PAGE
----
Skip to main content

Preview of VIA's upcoming Apollo Pro+ 133 Chipset

Is There Any Reason To Get All Excited About 133 MHz FSB, 1.6 GB/s Memory Bandwidth And AGP 4x?

The short answer is `NO'. Before I get to VIA's solution, I'd still like to remind you of the time when the BX-chipset was released last year and we had the chance to take advantage of the new 100 MHz FSB and memory clock. The performance gain we achieved by switching from 66 to 100 MHz was between 0-5 % in business applications and 3-10% in 3D-games. The latter was mainly due to the reduced arbitration problems of the AGP. There was also not much more than a 0-10% gain in 3D-game performance from AGP 1x to AGP 2x. Now we should expect even less than these performance gains from Camino's RDRAM architecture and AGP 4x, because the increase in CPU memory interface bandwidth is only 33%, as opposed to 50% when we switched from 66 to 100 MHz FSB, and unless games are using a huge amount of either triangles or large textures, the gain through AGP 4x will also be less than substantial. The main reason why we will try to get platforms that offer 133 MHz FSB will be the fact that future Pentium III processors will be based on this FSB clock. This means that there won't be a PIII 600 that runs at 6 x 100 MHz, and the next step will be 666 MHz and then 733 MHz, all only achievable with a FSB of 133 MHz. Now some of you may ask "why not overclocking my BX-platform to 133 MHz?" This would certainly be an option, since BX runs fine at 133 MHz FSB as long as you are using SDRAM that can cope with this speed, but what you forget is that BX can only run the AGP at either the FSB clock or at 2/3 of the FSB clock, which makes 88 MHz. An AGP running at 88 MHz is way out of spec and it will cause crashes as soon as your 3D-game is heavily using the AGP for textures or even only triangles.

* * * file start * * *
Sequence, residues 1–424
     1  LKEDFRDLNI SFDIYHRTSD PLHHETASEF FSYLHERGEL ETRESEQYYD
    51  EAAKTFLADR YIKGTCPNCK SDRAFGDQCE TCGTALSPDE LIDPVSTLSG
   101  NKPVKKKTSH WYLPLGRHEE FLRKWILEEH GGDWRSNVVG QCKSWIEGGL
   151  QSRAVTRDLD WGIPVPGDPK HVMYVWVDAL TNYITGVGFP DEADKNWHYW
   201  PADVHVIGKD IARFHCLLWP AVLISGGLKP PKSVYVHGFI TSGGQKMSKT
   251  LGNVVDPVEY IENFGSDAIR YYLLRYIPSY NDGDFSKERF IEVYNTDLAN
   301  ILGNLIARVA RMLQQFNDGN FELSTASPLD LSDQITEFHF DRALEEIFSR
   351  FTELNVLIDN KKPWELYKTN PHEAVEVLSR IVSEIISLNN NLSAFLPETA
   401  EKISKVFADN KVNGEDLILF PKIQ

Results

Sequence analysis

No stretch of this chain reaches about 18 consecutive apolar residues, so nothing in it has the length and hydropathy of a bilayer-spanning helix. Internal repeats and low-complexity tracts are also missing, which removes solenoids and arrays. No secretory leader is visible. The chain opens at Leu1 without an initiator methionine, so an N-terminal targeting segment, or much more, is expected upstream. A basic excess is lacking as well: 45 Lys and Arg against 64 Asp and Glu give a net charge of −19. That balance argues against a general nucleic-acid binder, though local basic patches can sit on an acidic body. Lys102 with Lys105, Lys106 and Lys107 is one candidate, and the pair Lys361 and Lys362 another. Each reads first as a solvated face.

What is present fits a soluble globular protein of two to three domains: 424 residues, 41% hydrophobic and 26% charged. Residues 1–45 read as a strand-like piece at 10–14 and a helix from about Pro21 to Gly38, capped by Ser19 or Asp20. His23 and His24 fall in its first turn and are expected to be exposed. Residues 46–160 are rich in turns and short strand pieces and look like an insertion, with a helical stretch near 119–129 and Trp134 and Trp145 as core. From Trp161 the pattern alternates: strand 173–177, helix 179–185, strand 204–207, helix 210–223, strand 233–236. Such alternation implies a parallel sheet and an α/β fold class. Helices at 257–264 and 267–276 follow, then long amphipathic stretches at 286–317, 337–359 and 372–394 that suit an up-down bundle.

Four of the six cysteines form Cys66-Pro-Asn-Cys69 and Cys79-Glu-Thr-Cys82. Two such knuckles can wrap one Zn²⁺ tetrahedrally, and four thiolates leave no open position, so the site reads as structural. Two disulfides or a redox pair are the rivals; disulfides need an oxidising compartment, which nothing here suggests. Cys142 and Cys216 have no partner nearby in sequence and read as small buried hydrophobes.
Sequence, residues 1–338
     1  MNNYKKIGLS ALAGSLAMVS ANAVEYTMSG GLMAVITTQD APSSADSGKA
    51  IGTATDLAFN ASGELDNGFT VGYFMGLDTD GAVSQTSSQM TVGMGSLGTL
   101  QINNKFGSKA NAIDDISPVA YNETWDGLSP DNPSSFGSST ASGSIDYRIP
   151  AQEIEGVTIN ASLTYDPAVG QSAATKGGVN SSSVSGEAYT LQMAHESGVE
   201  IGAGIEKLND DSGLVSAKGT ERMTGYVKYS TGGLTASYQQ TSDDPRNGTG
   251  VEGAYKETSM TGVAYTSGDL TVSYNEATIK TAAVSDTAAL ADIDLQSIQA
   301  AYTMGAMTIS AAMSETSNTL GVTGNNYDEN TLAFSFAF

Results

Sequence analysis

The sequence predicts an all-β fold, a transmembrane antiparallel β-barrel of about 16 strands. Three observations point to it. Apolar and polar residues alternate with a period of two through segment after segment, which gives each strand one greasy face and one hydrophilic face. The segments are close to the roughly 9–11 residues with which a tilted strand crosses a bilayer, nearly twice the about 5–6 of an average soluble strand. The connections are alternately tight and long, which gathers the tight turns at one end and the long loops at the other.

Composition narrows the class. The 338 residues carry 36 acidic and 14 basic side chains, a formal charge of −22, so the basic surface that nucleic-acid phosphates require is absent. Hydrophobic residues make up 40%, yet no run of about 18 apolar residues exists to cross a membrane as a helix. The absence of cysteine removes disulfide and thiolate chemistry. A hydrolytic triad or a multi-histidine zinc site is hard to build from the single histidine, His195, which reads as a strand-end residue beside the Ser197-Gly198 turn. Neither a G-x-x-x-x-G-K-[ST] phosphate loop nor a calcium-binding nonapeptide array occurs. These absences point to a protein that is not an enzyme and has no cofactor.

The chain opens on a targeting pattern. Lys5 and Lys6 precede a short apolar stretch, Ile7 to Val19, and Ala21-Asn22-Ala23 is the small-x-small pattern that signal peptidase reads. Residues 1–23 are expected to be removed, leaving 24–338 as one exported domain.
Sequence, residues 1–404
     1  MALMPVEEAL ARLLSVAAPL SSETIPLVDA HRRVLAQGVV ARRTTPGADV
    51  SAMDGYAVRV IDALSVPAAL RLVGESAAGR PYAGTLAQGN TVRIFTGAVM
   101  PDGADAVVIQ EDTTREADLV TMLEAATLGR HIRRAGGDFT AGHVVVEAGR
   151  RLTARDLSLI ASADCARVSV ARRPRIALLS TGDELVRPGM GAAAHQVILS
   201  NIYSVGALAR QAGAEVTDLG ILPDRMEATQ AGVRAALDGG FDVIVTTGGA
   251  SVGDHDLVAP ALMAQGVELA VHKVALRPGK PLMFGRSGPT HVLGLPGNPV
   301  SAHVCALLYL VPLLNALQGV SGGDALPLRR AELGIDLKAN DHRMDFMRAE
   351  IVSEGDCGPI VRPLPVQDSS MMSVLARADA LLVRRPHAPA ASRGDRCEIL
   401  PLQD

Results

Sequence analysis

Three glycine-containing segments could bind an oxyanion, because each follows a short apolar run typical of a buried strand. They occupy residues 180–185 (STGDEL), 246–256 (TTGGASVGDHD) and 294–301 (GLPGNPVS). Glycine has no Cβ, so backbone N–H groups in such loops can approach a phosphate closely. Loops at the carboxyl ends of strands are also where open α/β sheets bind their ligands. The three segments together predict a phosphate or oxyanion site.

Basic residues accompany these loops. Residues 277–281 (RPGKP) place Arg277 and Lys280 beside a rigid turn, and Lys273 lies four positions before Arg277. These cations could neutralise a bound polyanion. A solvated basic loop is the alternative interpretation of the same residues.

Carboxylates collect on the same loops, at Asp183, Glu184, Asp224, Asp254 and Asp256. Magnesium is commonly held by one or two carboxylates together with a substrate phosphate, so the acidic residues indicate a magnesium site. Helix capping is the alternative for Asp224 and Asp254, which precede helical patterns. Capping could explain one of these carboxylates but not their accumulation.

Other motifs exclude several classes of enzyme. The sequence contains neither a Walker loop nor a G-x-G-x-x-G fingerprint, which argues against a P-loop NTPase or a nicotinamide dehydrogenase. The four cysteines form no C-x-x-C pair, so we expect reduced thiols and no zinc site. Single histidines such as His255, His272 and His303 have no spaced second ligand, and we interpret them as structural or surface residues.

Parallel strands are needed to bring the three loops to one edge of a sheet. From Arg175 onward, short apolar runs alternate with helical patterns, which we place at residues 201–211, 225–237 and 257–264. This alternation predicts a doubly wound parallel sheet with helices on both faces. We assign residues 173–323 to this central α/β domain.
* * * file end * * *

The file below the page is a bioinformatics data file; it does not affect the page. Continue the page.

VIA's Apollo Pro 133 Offers A Platform For 133 MHz FSB At Much Lower Costs Than Camino

VIA designed the Apollo Pro 133 chipset to offer an alternative to BX as well as Camino. Instead of depending on the expensive RDRAM it can use PC133 SDRAM and later PC133 DDR-SDRAM as well as virtual channel RAM. Apollo Pro 133 will therefore offer you a platform to run a Pentium III (or for all overclockers of course also a Pentium II) at 133 MHz FSB safely, it runs the AGP within spec at 66 MHz = ½ the FSB-clock, and you can take advantage of PC133 SDRAM, which is available right now and not much more expensive than PC100 SDRAM. The memory peak bandwidth of PC133 SDRAM is 1.066 GB/s and thus less than the bandwidth offered by RDRAM, but it should still be an improve over PC100 and it will be a much cheaper platform for 133 MHz FSB-processors.